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North Kerala’s first-ever police museum project hangs fire

It was conceived as a project to make people aware of the history and growth of the police force in Malabar.

Published: 27th April 2018 01:24 AM  |   Last Updated: 27th April 2018 02:28 AM   |  A+A-

Express News Service

KOZHIKODE:  It was conceived as a project to make people aware of the history and growth of the police force in Malabar. But two years down the line, the proposal to set up a police museum here, the first-of-its-kind in North Kerala, is still in limbo.

The proposal had gathered momentum when Uma Behera was the City Police Commissioner. At the time, many people had voluntarily come forward to donate articles of historic importance.

One such person was P V Lakshmanan, who decided to donate an ornamental medal proudly worn by his grandfather as a head constable in Malabar during the British rule in 1886. In April, 2016, Lakshmanan had also handed over a General Diary (GD) maintained by his grandfather at the Kalpakancherry police station where the latter served and a red belt he used to wear, to the then City Police Commissioner.

The other items Lakshmanan offered included a correspondence between his grandfather and the Madras Governor routed through the IG of Madras and the Police Superintendent of South Malabar, seeking rectification of anomalies related to his pension.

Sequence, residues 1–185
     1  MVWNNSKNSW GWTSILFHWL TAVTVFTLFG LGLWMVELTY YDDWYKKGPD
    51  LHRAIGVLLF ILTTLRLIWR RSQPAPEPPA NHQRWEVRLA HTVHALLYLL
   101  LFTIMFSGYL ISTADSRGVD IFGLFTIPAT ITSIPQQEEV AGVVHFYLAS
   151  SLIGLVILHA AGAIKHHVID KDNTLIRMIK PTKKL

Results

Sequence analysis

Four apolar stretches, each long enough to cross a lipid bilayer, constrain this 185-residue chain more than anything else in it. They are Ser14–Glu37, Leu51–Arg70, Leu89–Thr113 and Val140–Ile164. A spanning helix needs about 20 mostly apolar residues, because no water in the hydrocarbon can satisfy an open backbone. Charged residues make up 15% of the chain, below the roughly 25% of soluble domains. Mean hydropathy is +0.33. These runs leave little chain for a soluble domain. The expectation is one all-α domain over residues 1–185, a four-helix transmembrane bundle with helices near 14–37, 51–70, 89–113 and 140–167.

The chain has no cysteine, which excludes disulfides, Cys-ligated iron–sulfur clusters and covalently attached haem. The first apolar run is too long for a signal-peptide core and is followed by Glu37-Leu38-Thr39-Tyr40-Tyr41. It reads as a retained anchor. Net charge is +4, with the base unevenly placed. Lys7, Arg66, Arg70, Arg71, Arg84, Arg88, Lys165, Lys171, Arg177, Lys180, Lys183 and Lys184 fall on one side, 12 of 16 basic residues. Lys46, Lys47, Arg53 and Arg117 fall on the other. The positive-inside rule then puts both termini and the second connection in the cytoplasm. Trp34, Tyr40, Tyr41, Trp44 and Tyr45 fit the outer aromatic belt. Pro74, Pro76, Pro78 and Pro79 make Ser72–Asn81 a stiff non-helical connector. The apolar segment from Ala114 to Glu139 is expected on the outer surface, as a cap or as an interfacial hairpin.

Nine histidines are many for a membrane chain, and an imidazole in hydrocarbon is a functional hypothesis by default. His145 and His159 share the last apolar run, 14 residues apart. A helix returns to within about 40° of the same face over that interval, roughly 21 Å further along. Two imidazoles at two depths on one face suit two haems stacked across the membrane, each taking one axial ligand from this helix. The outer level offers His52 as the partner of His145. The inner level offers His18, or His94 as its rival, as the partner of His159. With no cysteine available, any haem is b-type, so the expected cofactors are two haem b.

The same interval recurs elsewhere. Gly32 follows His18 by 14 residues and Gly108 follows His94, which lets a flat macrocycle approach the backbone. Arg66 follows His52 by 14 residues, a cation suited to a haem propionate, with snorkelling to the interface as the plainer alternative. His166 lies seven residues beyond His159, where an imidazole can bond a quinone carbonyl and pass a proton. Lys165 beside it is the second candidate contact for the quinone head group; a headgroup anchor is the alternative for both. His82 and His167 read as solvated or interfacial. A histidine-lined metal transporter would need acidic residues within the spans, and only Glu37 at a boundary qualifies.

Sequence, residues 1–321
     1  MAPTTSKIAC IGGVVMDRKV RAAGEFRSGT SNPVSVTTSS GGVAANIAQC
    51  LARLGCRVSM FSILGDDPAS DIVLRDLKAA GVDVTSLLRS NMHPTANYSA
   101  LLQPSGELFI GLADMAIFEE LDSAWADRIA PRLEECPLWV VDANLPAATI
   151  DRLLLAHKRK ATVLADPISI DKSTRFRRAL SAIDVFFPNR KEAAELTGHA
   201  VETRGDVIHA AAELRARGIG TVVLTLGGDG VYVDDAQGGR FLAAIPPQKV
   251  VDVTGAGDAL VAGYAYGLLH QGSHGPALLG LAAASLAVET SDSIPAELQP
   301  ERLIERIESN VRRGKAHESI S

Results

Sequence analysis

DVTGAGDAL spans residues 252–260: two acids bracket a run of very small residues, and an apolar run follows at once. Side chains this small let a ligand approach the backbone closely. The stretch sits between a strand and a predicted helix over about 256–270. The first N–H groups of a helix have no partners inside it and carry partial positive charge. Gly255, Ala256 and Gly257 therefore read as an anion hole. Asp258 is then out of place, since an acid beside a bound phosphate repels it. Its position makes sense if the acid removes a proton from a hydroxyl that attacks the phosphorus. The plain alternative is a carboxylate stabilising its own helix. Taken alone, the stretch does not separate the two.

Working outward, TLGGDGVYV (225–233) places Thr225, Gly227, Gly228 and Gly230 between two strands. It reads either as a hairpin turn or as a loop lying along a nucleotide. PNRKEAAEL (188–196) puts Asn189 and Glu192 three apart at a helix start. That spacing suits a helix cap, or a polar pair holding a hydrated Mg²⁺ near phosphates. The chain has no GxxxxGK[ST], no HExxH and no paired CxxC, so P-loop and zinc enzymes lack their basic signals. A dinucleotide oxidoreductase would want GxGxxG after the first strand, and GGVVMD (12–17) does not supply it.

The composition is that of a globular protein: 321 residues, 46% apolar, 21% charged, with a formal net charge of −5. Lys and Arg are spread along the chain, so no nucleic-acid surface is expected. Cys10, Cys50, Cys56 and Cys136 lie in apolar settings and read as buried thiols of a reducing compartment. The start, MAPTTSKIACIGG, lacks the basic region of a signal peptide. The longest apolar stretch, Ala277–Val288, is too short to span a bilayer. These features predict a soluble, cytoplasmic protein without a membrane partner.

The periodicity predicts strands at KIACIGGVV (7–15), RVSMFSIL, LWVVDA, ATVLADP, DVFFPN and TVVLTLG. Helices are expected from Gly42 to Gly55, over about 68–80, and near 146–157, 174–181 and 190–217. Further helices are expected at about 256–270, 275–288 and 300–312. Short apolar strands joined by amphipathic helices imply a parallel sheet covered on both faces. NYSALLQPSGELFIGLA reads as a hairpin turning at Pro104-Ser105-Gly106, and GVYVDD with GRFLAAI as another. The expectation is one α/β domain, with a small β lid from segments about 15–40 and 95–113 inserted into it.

Bava Renjith, a collector of archive material and Sudheesh, son of a retired police officer, also contributed valuable materials for the proposed museum. The project was to be implemented under the supervision of the District Crime Records Bureau.

With the proposal of setting up the museum making no headway, Lakshmanan met City Police Commissioner Kaliraj Mahesh Kumar the past week and requested his intervention in making the project a reality.

“Though the police told me two years ago they would contact me to collect the crown and the flap on my grandfather's cap, they did not do so. There has been no contact since,” Lakshmanan said.

Kumar told 'Express' he has sought the files related to the project. “If some preliminary work was done in the initial stages, it would have been on the basis of a project report. We will examine the report, see what the roadblocks were and get it cleared,” he said.

Uma Behera, who is now with the Vigilance and Anti-Corruption Bureau, could not be reached for comments.

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